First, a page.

“But when they enter into these relationships they don’t study, they disobey and lie to parents and find excuses to meet their boyfriends,” she warned.   
“Therefore parents should be sitting down with them and making them realise that its part of their developmental changes in a step by step process. But on the contrary what we see parents doing is put strict rules and punish their children.” said Dr. Ratnaweera.   


According to Dr. Ratnaweera such a harsh take on this matter can have its consequences. “As a result the children will continue to hold onto their relationships against all odds. Parents will do all sorts of things to break the relationship. They will stop children from going to school, stop tuition classes, take them to a faraway place, takeaway their mobile phones and so on. But still the young couple will continue with their relationships. So the more the parents get agitated, the more the young couples will oppose such moves. Since parents have put rules and so on, children want someone who can talk to them nicely. So they are attracted to someone from the opposite sex. In this situation parents become enemies. But parents should sit with their children and explain why priority should be given to studies and that they should get into a stable relationship when they mature in their thinking. But with the hormonal changes teenagers can’t control their emotions and cross their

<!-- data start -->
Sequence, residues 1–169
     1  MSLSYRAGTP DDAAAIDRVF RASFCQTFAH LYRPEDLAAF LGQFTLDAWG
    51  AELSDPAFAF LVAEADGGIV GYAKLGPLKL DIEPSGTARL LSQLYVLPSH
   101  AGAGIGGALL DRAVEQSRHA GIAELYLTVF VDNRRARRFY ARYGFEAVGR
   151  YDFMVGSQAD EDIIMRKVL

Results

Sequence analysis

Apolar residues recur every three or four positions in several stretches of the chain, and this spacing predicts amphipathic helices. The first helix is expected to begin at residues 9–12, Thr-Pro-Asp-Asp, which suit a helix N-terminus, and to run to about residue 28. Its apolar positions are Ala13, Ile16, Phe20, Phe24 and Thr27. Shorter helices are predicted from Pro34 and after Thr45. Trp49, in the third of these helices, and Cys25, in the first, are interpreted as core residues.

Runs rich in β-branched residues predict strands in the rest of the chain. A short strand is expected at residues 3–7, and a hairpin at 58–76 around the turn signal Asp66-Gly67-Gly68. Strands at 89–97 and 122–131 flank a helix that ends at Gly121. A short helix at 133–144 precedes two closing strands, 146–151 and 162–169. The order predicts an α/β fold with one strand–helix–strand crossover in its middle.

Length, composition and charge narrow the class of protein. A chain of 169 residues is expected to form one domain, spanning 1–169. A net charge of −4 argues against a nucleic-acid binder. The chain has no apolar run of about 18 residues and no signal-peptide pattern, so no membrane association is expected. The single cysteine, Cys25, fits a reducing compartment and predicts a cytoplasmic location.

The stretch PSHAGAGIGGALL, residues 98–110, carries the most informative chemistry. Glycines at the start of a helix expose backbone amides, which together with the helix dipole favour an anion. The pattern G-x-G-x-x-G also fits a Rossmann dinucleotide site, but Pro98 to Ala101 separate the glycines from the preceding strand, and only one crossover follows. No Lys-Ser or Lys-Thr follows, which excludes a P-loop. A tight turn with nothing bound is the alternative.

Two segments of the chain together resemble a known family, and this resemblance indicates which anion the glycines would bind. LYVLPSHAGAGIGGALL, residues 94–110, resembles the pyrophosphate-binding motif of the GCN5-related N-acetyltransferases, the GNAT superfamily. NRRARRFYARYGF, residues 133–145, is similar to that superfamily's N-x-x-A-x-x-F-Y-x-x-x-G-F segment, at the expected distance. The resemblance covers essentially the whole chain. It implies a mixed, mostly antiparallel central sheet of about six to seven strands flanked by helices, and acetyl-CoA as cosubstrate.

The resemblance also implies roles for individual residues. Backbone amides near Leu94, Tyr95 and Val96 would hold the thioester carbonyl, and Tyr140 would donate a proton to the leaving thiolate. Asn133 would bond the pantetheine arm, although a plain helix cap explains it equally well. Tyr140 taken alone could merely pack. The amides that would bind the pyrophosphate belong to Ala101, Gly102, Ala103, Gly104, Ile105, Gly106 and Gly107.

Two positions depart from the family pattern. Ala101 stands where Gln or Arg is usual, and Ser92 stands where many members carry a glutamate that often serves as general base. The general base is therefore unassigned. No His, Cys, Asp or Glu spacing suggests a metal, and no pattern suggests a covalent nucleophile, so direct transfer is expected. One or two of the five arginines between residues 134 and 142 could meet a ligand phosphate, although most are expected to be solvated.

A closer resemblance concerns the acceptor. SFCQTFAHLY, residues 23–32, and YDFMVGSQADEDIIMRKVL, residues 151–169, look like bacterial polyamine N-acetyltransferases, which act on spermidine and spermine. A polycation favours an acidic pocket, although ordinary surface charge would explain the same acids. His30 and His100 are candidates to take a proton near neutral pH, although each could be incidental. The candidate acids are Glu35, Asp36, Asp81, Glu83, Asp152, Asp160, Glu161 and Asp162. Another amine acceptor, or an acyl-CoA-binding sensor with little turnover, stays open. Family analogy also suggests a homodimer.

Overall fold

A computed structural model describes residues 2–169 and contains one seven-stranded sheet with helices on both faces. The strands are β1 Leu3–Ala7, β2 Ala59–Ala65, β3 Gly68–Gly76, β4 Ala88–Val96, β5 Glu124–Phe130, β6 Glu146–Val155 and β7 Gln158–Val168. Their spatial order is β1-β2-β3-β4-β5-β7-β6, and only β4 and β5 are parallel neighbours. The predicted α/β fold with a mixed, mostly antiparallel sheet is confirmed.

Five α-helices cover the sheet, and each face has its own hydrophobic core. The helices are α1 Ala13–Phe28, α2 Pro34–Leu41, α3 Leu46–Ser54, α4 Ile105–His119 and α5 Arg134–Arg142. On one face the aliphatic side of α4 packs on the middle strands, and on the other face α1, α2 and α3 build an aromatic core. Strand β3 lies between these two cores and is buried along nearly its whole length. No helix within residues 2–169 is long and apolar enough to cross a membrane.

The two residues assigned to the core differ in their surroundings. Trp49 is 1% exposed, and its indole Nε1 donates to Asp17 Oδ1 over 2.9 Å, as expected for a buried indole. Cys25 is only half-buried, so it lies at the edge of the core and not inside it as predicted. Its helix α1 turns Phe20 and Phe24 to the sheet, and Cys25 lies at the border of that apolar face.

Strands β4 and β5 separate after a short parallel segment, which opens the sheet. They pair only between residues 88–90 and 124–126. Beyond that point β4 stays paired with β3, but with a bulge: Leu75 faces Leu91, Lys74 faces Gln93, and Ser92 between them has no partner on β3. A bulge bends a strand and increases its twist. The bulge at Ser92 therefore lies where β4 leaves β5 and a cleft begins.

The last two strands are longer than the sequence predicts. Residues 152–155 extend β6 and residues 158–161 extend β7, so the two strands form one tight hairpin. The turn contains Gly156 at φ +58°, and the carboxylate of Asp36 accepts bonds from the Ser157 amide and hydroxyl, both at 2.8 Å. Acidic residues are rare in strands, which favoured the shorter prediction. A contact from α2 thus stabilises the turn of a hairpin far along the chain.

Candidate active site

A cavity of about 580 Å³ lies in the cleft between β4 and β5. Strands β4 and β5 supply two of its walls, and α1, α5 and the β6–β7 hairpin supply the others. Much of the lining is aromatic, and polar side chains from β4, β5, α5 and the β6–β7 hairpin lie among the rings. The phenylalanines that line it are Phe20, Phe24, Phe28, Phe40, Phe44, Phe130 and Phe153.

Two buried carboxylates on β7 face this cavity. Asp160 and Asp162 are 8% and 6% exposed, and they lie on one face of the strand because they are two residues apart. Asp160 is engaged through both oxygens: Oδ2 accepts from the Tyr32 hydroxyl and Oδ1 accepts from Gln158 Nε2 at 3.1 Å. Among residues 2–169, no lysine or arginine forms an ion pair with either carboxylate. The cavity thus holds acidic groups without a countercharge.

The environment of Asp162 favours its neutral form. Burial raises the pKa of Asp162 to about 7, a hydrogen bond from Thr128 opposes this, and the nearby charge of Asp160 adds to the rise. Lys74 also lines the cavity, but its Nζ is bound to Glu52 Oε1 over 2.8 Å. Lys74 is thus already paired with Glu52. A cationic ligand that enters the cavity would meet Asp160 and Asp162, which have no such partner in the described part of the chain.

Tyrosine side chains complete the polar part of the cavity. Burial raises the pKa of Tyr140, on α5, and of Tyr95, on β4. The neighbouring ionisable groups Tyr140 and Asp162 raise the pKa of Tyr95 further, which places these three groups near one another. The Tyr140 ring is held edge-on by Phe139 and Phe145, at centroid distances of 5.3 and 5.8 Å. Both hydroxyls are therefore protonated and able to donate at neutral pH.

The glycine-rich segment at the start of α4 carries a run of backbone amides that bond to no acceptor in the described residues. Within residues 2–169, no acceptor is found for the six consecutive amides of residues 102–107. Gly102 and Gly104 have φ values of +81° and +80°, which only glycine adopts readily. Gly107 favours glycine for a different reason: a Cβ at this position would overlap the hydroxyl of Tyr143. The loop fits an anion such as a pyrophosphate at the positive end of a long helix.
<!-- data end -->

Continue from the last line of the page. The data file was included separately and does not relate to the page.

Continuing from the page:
boundaries.” explained Dr. Ratnaweera.